Like Hank Rearden, the entrepreneurs who produce excellent, profitable businesses are heroes of our modern world, but when was the last time a movie, a music album, or a novel conveyed as much?  Atlas Shrugged is one example, but we need more.

In the book Microtrends, author and researcher Mark Penn tells of a recent survey he ran where an alarming number of kids expressed interest in becoming snipers when they grow up.  He speculates that data spike is due to the attention snipers get in news coverage, movies, and video games.

Now you tell me, would you rather have a society full of aspiring snipers or entrepreneurs? Do you want your next creative project to inspire the next Columbine shooter or the next Steve Jobs?

The Delivery of the Keys – Pietro Perugino 1481–1482


If you chose the latter options, then maybe it is time for you do something about it.  Reading Atlas Shrugged is a good place to start (you can listen to it as an audiobook if you prefer), but if you don’t have time for that, would you at least stop suggesting that every business person is evil?  Can you stop relying on the government to solve all your problems?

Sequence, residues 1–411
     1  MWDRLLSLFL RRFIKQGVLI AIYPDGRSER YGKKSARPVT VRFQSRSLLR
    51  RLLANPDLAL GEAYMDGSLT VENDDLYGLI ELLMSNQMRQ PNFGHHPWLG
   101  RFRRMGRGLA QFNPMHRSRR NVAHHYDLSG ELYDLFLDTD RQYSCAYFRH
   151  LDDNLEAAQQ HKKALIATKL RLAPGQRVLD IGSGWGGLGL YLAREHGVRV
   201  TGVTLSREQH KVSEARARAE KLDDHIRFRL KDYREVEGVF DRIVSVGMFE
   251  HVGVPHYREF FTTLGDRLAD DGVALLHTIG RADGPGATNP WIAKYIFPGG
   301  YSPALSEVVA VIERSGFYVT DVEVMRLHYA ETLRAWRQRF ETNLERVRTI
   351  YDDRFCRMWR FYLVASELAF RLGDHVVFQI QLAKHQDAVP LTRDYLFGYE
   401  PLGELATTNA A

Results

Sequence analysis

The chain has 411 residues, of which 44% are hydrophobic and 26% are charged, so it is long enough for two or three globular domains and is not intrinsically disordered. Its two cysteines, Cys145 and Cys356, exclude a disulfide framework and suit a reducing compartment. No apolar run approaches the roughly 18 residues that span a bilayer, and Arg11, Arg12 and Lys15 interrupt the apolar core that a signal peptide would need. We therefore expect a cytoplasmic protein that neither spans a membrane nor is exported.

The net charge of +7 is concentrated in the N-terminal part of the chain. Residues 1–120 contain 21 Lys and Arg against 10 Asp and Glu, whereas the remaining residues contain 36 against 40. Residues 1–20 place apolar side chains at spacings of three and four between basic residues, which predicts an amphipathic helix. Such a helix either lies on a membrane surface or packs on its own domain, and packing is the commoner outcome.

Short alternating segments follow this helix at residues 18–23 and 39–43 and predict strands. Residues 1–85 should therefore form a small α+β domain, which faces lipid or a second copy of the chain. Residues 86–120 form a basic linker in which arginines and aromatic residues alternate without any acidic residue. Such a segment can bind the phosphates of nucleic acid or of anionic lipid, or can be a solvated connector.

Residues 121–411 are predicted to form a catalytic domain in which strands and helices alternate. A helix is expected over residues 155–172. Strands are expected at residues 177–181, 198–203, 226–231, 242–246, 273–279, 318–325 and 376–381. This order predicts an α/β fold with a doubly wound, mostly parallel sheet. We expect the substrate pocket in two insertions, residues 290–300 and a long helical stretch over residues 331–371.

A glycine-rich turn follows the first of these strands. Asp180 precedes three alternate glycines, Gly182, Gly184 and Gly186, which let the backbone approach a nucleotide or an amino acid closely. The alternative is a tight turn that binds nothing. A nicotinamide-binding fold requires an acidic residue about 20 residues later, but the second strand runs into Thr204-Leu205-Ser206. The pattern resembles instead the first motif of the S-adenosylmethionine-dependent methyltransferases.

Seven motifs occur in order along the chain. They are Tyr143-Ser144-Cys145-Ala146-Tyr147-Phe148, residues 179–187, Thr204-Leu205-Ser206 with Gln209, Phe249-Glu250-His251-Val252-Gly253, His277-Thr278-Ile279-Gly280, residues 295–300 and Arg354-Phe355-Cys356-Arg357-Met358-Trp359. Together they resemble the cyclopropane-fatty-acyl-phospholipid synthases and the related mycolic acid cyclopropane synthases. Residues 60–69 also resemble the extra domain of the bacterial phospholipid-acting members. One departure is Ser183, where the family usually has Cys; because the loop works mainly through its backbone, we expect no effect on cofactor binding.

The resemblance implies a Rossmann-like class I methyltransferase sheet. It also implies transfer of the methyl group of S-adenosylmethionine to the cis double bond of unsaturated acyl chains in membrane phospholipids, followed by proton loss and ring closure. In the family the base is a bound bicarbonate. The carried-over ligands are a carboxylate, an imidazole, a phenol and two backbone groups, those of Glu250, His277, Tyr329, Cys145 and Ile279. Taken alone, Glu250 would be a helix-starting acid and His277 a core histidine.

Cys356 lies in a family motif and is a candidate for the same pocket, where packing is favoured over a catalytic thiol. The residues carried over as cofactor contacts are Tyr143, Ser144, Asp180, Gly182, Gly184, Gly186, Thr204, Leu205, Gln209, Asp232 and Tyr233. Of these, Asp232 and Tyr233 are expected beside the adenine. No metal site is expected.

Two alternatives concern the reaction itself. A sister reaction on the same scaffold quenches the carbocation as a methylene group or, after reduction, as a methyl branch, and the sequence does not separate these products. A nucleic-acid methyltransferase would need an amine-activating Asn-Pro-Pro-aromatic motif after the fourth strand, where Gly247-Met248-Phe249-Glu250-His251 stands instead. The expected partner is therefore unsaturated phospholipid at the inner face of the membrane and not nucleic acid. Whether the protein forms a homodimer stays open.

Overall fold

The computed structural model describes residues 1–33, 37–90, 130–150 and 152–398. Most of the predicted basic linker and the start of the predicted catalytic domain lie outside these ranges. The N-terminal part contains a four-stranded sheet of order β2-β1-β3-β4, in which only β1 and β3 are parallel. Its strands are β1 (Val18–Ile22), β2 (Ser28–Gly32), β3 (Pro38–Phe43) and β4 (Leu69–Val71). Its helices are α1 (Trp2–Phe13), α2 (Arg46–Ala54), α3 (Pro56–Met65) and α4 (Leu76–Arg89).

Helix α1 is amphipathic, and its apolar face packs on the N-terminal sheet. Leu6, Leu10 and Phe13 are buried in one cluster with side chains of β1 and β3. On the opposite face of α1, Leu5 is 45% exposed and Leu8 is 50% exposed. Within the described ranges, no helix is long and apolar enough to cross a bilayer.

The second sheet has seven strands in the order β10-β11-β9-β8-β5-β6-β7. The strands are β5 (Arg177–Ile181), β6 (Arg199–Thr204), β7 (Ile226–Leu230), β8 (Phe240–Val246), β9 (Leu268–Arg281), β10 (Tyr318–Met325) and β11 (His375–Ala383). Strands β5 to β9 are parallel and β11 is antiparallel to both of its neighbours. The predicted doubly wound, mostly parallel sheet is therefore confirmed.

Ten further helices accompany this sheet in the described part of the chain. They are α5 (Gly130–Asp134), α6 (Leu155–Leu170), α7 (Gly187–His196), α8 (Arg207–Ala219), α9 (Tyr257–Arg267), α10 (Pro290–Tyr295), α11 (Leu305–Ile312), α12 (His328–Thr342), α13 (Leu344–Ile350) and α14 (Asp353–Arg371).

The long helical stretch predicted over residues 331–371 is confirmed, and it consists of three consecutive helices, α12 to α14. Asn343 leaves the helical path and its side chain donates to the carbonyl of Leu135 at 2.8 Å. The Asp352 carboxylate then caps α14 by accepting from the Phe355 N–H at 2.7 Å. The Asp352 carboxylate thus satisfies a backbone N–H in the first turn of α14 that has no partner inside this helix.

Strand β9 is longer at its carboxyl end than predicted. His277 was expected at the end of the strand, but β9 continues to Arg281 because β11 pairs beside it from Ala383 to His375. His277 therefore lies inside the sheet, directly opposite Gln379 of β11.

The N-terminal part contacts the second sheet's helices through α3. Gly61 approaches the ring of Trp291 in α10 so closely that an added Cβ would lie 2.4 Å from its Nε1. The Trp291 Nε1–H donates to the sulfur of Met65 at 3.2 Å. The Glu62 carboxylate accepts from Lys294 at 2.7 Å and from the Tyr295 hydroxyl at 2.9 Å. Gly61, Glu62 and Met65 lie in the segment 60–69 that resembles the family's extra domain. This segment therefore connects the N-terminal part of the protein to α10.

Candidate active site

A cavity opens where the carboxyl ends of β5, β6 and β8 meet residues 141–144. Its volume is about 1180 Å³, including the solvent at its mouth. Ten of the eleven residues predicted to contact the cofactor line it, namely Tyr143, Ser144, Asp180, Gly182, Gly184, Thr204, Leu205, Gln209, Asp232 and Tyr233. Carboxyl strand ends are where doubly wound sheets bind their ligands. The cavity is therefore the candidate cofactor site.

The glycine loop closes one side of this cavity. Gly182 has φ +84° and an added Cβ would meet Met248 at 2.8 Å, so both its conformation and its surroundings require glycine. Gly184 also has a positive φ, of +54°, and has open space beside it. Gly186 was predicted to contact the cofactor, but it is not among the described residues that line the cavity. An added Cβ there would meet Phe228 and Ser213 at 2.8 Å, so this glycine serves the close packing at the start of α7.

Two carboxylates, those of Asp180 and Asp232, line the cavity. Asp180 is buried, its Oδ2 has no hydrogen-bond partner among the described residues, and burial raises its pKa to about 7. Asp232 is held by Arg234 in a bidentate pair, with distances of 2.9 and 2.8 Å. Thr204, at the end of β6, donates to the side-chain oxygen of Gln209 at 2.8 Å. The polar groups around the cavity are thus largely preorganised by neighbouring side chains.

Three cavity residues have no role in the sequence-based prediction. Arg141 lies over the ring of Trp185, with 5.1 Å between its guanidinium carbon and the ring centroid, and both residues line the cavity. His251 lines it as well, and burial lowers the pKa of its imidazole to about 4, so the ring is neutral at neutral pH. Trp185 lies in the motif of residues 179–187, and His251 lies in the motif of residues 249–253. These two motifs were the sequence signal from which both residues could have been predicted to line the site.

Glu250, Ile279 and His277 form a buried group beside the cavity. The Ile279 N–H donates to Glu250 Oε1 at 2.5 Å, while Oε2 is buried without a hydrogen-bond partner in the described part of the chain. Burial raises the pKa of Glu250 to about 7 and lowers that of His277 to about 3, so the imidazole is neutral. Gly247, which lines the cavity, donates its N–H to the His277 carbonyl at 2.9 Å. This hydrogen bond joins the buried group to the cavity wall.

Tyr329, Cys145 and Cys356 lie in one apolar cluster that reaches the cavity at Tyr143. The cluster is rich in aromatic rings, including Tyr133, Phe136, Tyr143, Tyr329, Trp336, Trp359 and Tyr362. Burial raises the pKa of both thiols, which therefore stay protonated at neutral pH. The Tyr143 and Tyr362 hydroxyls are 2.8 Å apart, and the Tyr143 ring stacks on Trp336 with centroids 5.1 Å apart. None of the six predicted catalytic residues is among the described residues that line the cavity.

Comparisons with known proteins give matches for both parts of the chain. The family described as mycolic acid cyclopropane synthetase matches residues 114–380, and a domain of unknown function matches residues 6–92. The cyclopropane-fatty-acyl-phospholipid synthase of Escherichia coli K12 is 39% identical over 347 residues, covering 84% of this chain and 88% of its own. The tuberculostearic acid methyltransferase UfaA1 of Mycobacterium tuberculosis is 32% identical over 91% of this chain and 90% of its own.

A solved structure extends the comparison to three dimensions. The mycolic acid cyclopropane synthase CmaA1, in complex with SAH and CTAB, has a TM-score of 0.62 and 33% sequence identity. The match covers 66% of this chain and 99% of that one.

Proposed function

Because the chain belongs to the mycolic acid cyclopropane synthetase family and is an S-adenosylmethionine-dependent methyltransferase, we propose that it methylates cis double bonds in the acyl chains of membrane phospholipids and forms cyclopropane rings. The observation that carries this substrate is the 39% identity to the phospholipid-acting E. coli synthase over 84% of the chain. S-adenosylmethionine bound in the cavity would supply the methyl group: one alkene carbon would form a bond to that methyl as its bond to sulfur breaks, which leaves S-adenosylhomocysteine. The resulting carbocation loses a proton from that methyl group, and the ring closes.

While you’re at it, don’t be content just to consume. Produce. Give back.  Building a great and virtuous business is as good of a way as any to do that.


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As always, thanks for reading and God bless.

The Small Giants We Want to Be

This blog is a little different than most, so I don’t usually find something else that conveys, in a more compelling way, what I’m trying to say. Yet that’s what I found when I read Small Giants.

La Mariee – Marc Chagall, 1950

A few days after I finished reading it, I wrote about what I found special in the book.   To my surprise, the author, Bo Burlingham,  liked the post enough to comment on it.   That’s how it all started.